DANG, May 29: In the summer of 2004, an outbreak of diarrhea claimed three lives and affected nearly 400 people in Patetakura of Shantinagar Rural Municipality, Dang. The reason behind the outbreak was the distribution of contaminated water. Fourteen years later, the locals have been struggling with the same disease and the cause is no different. Fortunately, no one has died of the disease so far. But the number of patients is significantly high this time.
Until Monday evening, over 1500 locals of ward no 3 and 4 of the rural municipality were affected by the outbreak. According to Hari Pun, in-charge of Shantinagar Health Post (SHP), the number of patients is continuously rising. The contaminated water distributed from Mailipani was the reason behind both the outbreaks. Interestingly, the outbreak has affected the locals of the same place this time too.
As the water from Mailipani became insufficient for the locals, they were supplied water from the nearby river without processing it. That ultimately resulted in the outbreak. "We found that the locals were distributed water directly from two of the rivers," said Tilak Neupane, an engineer of the District Drinking Water and Sanitation Division (DDWSD), adding, "That was the reason behind this whole problem. But now, we have removed the pipes connected to the rivers."
According to Neupane, it is compulsory to use chlorine in the drinking water tanker on a regular basis to kill the bacteria. But, in the tanker of Shantinagar, chlorine is used only once a week. It has been found that there has been utter negligence in the purification and distribution of water in other places too. DDWSD fears that the outbreak might spread to other villages too. "Locals of other villages too have been relying on contaminated water and are not out of risk," said Neupane. Most drinking water projects have been supplying contaminated water in a bid to provide sufficient water.
Ghanshyam Pokhrel, chief of the District Public Health office (DPHO) informed Republica that the inspection of drinking water sources has been expedited in various parts of the district. "We found that most water projects have prioritized quantity over quality while distributing water," said Pokhrel. He stated that the water distributed by most of the projects is not safe for consumption.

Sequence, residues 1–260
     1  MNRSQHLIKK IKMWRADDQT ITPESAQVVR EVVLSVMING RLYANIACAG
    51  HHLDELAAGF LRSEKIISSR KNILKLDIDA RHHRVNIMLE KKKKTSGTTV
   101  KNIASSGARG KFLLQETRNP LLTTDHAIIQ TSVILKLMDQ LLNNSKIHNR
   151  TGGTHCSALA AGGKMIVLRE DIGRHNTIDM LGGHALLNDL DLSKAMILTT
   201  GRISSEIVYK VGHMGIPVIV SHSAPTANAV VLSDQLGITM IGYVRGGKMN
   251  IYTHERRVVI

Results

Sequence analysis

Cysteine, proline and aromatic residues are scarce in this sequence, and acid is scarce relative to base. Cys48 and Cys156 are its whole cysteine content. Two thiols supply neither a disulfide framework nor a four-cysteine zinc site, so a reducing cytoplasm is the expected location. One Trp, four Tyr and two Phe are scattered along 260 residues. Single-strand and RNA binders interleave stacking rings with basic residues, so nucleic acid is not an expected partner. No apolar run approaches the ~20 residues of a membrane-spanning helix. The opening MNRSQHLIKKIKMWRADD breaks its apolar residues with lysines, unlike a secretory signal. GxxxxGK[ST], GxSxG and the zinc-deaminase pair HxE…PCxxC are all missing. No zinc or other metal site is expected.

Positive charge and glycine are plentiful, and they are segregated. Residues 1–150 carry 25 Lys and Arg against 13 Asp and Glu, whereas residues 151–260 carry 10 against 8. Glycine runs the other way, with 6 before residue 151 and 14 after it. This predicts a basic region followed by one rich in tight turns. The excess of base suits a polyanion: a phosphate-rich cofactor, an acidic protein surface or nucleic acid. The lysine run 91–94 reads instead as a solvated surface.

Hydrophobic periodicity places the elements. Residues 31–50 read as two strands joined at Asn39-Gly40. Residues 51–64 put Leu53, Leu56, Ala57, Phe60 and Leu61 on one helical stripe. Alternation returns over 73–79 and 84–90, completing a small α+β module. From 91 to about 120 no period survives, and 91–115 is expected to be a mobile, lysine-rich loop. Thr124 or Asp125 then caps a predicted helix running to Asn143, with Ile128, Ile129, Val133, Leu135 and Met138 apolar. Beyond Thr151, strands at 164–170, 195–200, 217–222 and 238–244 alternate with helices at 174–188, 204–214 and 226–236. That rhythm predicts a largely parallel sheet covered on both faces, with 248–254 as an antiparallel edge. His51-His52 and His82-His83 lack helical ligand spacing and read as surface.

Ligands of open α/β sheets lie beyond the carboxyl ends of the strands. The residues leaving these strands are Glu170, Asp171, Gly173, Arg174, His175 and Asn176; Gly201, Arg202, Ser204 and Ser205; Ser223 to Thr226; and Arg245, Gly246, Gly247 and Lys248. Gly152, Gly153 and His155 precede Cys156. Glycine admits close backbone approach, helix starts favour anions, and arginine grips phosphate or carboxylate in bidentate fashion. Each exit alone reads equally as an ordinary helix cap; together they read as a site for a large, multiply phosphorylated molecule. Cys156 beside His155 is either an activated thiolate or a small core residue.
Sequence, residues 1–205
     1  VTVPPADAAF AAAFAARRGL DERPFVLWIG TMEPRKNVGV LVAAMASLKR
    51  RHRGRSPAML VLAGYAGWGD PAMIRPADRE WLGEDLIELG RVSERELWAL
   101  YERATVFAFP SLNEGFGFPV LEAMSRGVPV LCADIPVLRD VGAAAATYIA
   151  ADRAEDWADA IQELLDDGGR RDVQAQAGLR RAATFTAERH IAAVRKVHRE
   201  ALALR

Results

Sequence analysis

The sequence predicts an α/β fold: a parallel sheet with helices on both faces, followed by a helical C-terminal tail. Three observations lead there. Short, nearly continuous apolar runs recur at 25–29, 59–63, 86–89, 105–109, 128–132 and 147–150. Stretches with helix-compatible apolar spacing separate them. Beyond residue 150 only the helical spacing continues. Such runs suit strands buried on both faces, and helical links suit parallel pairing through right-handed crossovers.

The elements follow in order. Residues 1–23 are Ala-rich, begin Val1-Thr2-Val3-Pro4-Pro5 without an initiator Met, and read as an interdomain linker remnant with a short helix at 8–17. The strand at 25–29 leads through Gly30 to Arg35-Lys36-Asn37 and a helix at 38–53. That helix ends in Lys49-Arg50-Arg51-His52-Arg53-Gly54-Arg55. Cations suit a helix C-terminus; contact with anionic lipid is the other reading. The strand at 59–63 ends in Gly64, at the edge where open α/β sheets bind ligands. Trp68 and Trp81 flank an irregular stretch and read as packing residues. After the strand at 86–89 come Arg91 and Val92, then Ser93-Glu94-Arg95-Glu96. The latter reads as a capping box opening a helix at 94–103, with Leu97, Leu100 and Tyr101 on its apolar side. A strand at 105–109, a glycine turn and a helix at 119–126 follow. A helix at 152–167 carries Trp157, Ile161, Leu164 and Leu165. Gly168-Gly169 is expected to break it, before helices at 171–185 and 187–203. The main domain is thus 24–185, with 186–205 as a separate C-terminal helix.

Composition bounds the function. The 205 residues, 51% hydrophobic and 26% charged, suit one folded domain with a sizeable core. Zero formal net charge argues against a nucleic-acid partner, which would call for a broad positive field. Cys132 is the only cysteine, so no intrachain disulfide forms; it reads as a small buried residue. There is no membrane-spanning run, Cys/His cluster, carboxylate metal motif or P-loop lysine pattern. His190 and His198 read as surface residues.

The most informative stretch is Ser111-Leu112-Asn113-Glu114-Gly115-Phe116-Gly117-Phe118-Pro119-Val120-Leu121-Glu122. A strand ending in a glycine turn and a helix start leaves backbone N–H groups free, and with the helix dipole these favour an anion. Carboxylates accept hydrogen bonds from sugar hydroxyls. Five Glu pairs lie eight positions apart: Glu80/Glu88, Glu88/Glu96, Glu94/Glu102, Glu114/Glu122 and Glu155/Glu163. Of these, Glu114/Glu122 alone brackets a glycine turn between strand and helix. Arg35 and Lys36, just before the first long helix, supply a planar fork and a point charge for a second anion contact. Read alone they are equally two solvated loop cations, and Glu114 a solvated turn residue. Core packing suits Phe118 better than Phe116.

Usually during summer, drinking water projects supply river water to meet the demand of the locals. "We have directed the consumers committee to rather supply water only once a day but not play with the health of the locals," said Pokhrel. DDWSD has urged the locals to boil water before drinking it but in the summer people hardly do that.
As many as 419 patients had reached SHP for treatment until Saturday evening. But the number of patients doubled on Sunday with the addition of 802 new patients. But the number of patients climbed to 1555 by Monday evening. Comparatively, fewer patients were admitted on Monday. "If we consider the number of patients on Monday, we can say that the outbreak has been brought under control to some extent," said Pun.
With the objective of controlling the outbreak, the drinking water tanker was emptied and refilled with clean water. Doctors of the Tulsipur-based Rapti Zonal Hospital, Rapti Sub-Regional Hospital and a team of Nepal army doctors have been coordinating with the health workers of SHP for the treatment of the patients.